Chinese automaker Dongfeng has launched a production model with in-wheel motors from supplier Protean Electric.

In press releases, Protean claims the Dongfeng Fengshen E70 is the “world’s first fully homologated passenger car” equipped with two ProteanDrive in-wheel motors. A conventional inboard motor drives the front wheels, while the in-wheel motors power the rear wheels, enabling all-wheel drive. Each rear in-wheel motor produces 104 hp and 922 lb-ft of torque.

 Voyah ZhuiguangVoyah Zhuiguang

According to Protean, Dongfeng has found that this configuration is lighter than a conventional all-wheel-drive EV setup. The companies also claim a 50% increase in storage space, a 0-62 mph time 42% quicker, and 18% higher cornering speeds thanks to the torque-vectoring capability of the in-wheel motors. Protean also claims increased efficiency, and 83 fewer parts than a comparable inboard motor setup.

The initial batch of Dongfeng Fengshen E70 sedans are undergoing “fleet trials” in China, according to Protean. Dongfeng has also unveiled a second model with in-wheel motors, the Voyah Zhuiguang, a luxury sedan from the company’s Voyah brand.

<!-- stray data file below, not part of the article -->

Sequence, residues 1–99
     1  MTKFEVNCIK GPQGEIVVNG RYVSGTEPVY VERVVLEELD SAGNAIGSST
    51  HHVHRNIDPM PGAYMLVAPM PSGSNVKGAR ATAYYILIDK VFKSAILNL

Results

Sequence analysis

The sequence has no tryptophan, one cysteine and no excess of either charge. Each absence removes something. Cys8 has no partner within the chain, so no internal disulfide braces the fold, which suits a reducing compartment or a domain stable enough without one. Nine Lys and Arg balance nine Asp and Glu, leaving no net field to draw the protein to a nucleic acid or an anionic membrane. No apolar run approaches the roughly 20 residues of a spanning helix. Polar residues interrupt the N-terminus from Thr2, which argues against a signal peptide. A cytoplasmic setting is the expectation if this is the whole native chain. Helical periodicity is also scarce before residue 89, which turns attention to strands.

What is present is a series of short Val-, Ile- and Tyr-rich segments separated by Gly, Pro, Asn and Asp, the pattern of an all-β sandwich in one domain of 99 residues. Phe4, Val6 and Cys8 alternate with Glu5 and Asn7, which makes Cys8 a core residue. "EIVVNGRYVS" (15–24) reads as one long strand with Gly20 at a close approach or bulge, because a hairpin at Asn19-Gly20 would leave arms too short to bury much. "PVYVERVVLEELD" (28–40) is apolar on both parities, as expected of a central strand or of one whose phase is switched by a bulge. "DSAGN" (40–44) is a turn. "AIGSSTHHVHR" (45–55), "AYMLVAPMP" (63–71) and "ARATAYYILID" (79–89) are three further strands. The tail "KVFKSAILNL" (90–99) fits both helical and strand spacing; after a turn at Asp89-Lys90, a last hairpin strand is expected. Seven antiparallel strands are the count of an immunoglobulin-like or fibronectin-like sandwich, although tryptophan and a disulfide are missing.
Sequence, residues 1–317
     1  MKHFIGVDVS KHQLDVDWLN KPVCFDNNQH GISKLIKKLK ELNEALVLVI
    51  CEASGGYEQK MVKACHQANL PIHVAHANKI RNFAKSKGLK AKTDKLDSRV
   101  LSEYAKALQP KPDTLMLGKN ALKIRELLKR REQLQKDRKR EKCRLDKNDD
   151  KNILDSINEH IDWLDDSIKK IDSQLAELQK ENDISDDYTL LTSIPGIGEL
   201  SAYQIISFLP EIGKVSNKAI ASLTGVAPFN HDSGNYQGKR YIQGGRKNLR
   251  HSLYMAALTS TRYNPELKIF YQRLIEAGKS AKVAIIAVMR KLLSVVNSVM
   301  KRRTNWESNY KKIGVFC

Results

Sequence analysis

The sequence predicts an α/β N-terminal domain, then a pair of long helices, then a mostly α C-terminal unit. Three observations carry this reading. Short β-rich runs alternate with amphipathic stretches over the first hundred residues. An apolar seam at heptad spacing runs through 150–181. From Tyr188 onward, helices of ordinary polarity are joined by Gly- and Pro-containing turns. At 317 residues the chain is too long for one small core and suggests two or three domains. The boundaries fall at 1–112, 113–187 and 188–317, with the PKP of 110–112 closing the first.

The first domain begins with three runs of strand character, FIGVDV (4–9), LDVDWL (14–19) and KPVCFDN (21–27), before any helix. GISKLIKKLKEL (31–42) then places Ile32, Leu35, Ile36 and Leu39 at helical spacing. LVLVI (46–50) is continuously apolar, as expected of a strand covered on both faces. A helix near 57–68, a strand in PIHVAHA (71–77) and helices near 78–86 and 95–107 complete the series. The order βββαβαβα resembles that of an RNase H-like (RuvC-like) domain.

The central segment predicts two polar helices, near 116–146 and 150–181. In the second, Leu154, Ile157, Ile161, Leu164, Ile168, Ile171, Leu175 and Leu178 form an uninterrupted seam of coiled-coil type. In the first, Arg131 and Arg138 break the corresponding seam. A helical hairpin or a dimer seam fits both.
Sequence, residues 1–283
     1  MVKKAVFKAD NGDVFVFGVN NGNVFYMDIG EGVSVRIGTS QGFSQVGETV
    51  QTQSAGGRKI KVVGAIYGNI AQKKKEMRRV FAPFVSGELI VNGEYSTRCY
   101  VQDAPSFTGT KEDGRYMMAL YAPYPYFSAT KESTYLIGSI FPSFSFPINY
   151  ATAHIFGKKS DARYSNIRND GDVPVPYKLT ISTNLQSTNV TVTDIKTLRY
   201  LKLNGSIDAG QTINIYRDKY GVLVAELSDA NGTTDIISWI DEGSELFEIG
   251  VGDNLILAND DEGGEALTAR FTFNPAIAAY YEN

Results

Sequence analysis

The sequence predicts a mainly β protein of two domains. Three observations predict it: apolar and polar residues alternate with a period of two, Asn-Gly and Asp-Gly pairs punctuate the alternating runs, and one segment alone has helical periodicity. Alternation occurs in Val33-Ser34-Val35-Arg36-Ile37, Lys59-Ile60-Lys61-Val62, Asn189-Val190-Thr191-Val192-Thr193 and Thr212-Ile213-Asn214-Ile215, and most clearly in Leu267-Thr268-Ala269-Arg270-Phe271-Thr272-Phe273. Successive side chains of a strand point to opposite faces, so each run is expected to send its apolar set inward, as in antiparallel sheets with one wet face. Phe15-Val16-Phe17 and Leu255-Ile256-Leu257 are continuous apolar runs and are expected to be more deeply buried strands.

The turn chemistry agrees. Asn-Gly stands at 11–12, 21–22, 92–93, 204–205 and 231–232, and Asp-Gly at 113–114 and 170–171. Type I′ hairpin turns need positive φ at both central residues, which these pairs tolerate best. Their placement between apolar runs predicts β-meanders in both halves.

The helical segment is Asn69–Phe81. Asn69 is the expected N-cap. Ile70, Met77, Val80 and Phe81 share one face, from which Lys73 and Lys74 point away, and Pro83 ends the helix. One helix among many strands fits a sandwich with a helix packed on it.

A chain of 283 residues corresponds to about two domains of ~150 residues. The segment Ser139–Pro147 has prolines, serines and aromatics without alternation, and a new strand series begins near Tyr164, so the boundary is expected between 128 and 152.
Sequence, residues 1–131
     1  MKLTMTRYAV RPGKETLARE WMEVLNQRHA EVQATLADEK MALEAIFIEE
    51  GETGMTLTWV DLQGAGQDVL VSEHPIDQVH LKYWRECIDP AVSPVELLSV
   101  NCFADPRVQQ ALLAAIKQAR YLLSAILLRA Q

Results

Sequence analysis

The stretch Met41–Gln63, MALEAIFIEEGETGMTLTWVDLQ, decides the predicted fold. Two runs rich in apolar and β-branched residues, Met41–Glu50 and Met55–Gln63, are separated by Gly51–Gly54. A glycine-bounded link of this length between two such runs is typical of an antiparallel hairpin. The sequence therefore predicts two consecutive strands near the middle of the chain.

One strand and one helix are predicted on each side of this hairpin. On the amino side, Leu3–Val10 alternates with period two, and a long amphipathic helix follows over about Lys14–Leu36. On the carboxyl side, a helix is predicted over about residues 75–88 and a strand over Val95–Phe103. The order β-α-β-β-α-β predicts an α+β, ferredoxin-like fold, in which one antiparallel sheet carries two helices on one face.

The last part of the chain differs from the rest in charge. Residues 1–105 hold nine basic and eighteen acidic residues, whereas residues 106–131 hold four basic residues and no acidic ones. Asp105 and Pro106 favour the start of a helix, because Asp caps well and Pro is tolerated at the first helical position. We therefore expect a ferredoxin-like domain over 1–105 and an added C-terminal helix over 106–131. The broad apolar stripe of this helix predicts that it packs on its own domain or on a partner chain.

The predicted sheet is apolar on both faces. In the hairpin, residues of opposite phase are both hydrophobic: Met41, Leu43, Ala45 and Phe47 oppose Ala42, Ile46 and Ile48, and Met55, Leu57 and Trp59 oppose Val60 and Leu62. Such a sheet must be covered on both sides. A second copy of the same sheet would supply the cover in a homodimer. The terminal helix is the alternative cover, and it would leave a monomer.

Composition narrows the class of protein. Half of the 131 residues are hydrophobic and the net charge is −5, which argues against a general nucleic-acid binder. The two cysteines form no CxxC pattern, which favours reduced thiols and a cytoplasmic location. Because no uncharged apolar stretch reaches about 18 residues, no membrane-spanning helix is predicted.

Lightyear 0 wind-tunnel testingLightyear 0 wind-tunnel testing

There’s been a lot of interest in in-wheel motors but relatively low-volume use so far. Lightyear claimed its 0 had the most efficient production powertrain in the world but it’s already scrapped production. The Lordstown Endurance also used them, but production of that vehicle has stalled as well. That leaves Aptera, which also plans to use in-wheel motors for its three-wheeler—although it will be an autocycle, not a passenger vehicle.

That said, mass-produced in-wheel motors for cars have been on the horizon for some time. And perhaps racing tech—and the threat of the a newcomer from China—will help get them there.

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